Re-establish good IOLTA accounting practices.

  • Reconcile the account every month. Do not rely solely on your staff to conduct these reconciliations. Checks and balances are important.
  • Look for any unclaimed funds.
  • Make sure that the IOLTA contains no more than the limited amount of personal funds necessary to cover bank charges. The Ohio Disciplinary Counsel advises that, “On average a lawyer should not have more than $100 of personal funds in the lawyer’s IOLTA unless the lawyer has documented proof of why the lawyer needs more.”


Pick one resolution or tackle them all. No matter where you start, your practice will benefit.

Retirement Options

The new year is often when attorneys look ahead to plan for retirement.  Retirement can mean different things.  Here are some options to consider if the attorney wants to:


Continue to work “part-time” at current firm


Become “Of Counsel” at current firm


Retire from current firm and practice in their own firm, as a sole practitioner, or as a LPA, LLC, or LLP, as permitted by Gov. Bar R. III. Legal Professional Association Authorized to Practice Law, whether the attorney is full-time or part-time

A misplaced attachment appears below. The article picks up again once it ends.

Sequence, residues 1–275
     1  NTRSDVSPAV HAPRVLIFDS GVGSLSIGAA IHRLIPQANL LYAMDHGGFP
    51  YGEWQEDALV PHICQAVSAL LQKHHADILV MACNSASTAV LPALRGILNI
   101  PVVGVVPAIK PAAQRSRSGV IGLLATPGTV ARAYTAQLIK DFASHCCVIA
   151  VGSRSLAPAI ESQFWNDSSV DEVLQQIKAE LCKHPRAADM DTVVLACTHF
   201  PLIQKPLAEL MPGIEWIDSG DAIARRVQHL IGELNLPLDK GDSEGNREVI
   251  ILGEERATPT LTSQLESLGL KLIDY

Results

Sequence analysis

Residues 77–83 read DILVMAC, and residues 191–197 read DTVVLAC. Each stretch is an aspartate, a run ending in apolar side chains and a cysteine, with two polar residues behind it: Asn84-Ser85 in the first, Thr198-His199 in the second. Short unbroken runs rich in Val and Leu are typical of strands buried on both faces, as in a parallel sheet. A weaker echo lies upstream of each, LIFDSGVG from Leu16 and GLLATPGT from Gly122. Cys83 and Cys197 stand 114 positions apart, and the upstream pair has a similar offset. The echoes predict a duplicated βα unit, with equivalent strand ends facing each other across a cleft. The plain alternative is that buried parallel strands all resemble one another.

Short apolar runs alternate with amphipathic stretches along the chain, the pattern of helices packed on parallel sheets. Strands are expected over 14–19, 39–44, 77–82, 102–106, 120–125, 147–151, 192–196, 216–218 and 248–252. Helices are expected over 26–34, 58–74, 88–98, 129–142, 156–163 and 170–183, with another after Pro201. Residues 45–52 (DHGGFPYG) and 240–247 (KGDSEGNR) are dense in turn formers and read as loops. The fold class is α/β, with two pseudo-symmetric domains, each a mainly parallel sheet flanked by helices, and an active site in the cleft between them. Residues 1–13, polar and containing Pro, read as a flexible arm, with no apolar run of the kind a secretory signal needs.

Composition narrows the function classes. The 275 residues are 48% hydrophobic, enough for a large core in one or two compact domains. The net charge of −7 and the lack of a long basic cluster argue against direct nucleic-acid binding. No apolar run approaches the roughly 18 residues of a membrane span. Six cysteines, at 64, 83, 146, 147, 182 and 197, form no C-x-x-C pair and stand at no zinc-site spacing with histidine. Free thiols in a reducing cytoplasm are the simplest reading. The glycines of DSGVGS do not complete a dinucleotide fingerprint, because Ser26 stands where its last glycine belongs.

• Must maintain Active Attorney Registration Status
  • Apply to OBLIC for coverage for new firm entity


Retire from current firm, open their own firm and become “Of Counsel” 


Retire and cease the practice law


Attorney wants to provide limited legal service to pro bono organization recognized by Ohio Supreme Court


Attorney wants to retire or resign from the practice of law


Contact your OBLIC Underwriter to discuss available malpractice insurance options whatever option you select.

Case Summaries

Scope of Representation and Conflict Checks:


Bar Processing Corp. v. Barnes, 2021 U.S. Dist. LEXIS 156353 (N.D. Ohio 2021)


  • Outcome: The Court granted summary judgment in favor of the lawyer and his law firm.